11.30-12.00: Pastoriza-Domínguez, Patricia (Universitat de Barcelona): Mild Cognitive Impairment in Catalan/Spanish Bilinguals and Monolinguals: a Preliminary Discussion
12.00-12.30: Calabria, Marco, et al. (Center for Brain and Cognition, Pompeu Fabra University): Semantic control in multilingualism: insights from semantic dementia
12.30-13.30: Lunch break. Light lunch will be provided
13.30-14.30: Keynote: Thomas Bak (University of Edinburgh): Sex, drugs and bilingualism – opportunities and dangers
14.30-15.00: Massa, Emilie, et al. (Université Toulouse Jean Jaurès): Age-related effects on language control and executive control: behavioural and electrophysiological data
15.00-15.30: Filippi, Roberto (UCL Institute of Education): The effects of a multi-linguistic experience across the lifespan: a developmental, neuroconstructivist approach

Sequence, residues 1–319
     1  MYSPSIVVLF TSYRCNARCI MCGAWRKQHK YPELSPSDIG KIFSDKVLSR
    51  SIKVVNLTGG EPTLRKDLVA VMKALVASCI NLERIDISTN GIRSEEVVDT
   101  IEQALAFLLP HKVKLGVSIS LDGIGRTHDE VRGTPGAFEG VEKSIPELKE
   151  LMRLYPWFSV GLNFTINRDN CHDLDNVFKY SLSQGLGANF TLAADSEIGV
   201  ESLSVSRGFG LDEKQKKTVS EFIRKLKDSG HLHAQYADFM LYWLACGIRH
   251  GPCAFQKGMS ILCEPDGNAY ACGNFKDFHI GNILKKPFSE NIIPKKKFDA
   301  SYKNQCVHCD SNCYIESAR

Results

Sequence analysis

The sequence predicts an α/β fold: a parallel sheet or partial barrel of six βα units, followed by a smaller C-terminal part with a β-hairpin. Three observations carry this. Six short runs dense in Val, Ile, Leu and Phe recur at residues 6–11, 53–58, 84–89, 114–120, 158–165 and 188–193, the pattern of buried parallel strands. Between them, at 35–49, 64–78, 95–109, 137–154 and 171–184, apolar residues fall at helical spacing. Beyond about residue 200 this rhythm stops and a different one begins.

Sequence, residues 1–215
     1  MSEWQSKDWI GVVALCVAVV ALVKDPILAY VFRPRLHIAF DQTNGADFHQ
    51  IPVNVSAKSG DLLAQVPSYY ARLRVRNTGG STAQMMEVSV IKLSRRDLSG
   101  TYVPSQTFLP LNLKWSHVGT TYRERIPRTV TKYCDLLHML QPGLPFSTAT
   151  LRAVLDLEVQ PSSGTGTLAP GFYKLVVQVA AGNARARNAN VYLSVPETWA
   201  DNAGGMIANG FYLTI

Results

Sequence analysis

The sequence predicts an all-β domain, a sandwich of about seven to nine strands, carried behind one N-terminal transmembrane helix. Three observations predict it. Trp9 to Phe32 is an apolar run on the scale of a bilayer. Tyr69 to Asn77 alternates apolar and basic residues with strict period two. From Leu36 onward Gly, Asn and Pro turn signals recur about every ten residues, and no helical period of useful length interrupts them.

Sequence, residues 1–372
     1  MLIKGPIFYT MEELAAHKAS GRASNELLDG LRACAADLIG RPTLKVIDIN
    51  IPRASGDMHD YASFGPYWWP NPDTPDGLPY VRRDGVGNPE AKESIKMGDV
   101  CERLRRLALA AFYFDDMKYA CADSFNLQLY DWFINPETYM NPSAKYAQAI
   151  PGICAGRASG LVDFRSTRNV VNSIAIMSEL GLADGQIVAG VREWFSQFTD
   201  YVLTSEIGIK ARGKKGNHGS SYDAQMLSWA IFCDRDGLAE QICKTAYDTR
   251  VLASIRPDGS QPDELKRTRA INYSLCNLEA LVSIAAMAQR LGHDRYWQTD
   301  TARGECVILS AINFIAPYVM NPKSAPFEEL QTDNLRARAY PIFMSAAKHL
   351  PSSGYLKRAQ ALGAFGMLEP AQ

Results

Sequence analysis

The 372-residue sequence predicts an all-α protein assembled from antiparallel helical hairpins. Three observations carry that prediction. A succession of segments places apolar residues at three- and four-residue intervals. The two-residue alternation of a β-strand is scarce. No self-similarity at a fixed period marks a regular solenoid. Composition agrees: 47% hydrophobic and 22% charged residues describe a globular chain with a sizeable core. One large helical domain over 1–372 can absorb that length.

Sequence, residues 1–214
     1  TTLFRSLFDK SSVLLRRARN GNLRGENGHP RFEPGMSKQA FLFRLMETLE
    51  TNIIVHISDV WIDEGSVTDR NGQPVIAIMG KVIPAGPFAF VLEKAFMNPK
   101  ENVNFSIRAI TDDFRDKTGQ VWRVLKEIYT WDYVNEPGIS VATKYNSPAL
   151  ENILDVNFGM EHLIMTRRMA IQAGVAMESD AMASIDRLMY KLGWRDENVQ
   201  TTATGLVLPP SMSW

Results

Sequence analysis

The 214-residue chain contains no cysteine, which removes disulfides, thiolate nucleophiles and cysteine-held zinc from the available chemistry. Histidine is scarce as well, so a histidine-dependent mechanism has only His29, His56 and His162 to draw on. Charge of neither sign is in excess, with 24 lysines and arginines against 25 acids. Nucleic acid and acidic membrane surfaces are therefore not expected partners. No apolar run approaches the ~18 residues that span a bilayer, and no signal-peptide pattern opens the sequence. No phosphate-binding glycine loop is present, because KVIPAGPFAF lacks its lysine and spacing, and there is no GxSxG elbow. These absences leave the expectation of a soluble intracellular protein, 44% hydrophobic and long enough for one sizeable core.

15.30-16.00: Coffee break
16:00-16.30: Aveledo, Fraibet, et al. (University of Reading): Language impairments in multiple sclerosis and effects of bilingualism: a pilot study
16.30-17.00: D’Souza, Dean (UCL): Raising bilingual children: the effects of bilingual environments on infant cognitive development
17.00-17.30: Antoniou, Mark & Wright, Sarah (MARCS Institute for Brain, Behaviour and Development, Western Sydney University, Australia): Future directions for uncovering the mechanism underlying language learning related brain advantages
17.30-18.30: Roundtable discussion chaired by David Green (UCL) to identify future research agendas, challenges in conducting multidisciplinary research, and research needs for early career researchers.
Posters, to be presented throughout the day:
Citron, Francesca et al. (Lancaster University, UK): Comprehension of metaphors in bilinguals: a neuroimaging study
DeLuca, Vince & Pliatsikas, Christos (University of Reading): Linguistic immersion and structural effects on the bilingual brain: a longitudinal study
Hofweber, Julia, et al. (University of Reading): The effects of code-switching on bi-and multilinguals’ executive functions